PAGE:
Zendaya Talks Blackness, Beyonce & More As She Covers Glamour Magazine


Zendaya is the star of this month’s issue of Glamour magazine, in an interview conducted by co-star and industry buddy Yara shahidi she talks about Disney, Blackness, Beyonce and transitioning from a Disney star to other scenes.

She also talks about her father quitting his job in Oakland and moving to Los Angeles to help achieve her dream.


See excerpts 


YARA SHAHIDI: Let’s take it all the way back. How did you end up moving to Los Angeles from Oakland as a middle-schooler to act?

ZENDAYA: I was basically like, “I want to do this,” and my dad quit his job as a teacher to make it happen. My mom stayed in Oakland because she had two jobs: teaching, and working at the California Shakespeare Theater at night. Those two jobs paid for all of our car trips back and forth for the year I was auditioning. Luckily I had parents who were like, “You know what? We believe in you.” I got my first job on the Disney Channel when I was 13, and it was just me and my dad in an apartment in downtown L.A. It was very difficult because I was dealing with all the pivotal girl moments. I remember getting my period and him not knowing what to do. It was a weird transitional phase.

YARA: You mentioned how your mama had to move between two jobs to help you achieve your dreams. What does this powered-by-women issue [produced by female contributors] mean to you?

ZENDAYA: What I’ve learned most from my mom is selflessness. She taught in underprivileged communities for 20 years, and she worked her ass off to get her students to have experiences like outdoor science camp. There are students who will tell you, “Without Ms. Stoermer, I don’t know where I’d be.”


YARA: Our generation has a lot going on right now: from North Korea to Charlottesville—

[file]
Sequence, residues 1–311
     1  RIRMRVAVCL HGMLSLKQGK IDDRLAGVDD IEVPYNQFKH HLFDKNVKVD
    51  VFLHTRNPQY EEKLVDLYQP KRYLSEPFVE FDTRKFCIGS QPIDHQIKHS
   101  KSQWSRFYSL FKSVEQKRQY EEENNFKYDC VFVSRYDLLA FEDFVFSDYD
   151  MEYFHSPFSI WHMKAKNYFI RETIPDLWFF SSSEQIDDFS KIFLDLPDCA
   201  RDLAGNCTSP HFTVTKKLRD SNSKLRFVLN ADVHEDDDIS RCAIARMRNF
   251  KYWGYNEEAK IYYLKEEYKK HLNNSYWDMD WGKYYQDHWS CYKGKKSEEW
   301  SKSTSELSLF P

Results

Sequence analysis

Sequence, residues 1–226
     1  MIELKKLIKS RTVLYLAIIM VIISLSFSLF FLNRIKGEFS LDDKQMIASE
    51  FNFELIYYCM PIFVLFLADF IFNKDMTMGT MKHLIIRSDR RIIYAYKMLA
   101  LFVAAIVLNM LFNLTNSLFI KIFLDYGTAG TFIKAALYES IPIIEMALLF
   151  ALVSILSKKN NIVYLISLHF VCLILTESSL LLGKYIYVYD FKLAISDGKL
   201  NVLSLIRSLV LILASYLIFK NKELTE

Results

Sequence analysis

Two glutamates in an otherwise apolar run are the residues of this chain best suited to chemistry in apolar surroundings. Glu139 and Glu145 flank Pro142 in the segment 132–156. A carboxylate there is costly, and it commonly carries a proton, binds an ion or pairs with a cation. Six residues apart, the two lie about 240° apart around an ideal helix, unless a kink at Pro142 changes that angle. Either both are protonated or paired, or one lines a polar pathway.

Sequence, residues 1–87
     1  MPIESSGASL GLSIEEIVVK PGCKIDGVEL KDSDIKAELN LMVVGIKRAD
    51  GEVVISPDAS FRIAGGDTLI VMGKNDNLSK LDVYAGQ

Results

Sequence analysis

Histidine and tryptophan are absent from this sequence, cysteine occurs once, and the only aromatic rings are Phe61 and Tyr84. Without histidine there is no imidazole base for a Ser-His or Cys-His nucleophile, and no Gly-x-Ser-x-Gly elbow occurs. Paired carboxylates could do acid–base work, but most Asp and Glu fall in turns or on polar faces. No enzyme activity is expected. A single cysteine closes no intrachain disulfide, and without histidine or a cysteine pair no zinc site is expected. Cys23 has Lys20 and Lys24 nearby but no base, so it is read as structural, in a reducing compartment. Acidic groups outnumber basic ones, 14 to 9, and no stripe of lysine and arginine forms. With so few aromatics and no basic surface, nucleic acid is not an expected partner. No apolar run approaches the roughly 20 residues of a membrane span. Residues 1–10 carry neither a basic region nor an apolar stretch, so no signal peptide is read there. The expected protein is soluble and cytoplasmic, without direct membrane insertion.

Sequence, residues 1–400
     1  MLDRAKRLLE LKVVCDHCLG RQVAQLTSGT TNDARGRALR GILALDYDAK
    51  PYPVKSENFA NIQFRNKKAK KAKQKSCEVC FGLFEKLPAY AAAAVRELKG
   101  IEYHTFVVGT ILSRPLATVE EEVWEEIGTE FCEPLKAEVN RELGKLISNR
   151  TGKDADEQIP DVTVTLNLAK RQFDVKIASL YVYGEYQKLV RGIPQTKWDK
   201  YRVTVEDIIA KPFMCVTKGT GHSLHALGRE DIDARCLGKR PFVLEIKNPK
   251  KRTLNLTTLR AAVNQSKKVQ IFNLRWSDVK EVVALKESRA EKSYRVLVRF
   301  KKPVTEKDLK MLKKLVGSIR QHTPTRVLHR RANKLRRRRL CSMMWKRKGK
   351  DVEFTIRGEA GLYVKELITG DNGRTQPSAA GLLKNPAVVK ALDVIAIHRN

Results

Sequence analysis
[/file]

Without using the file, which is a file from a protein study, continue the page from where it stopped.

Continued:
ZENDAYA: It’s insane.

YARA: It’s slightly insane.

ZENDAYA: Here’s the thing—I can genuinely say that I’m not the same person I was a year ago. As my social platforms grew, I realised that my voice was so much more important than I had originally thought. I think if every young person understood the power of their voice, things would be a lot different. And it’s becoming more popular to be outspoken.


YARA: You’ve described yourself as the love child of Oprah, Shonda Rhimes, and Beyoncé. Let’s go into Shonda…

ZENDAYA: I mean, Shonda—she saw something nobody else was doing and said, “I’m going to create it myself. I’m going to put strong, powerful women of color in lead roles and create narratives for different types of people.” And she owns a day. She owns Thursdays


ZENDAYA: And then, Beyoncé. She took it to the next level with Lemonade. She’s got twins, and she’s banging. She’s killing it. And, of course, Michelle Obama, because that is an intelligent woman.

YARA: She’s the forty-sixth president that I recognize.

ZENDAYA: She’s my president. Who is going to convince her to run?




Photography: Emma Summerton

Styling: Jillian Davidson

Hair: Jennifer Yepez

Makeup: Rachel Goodwin




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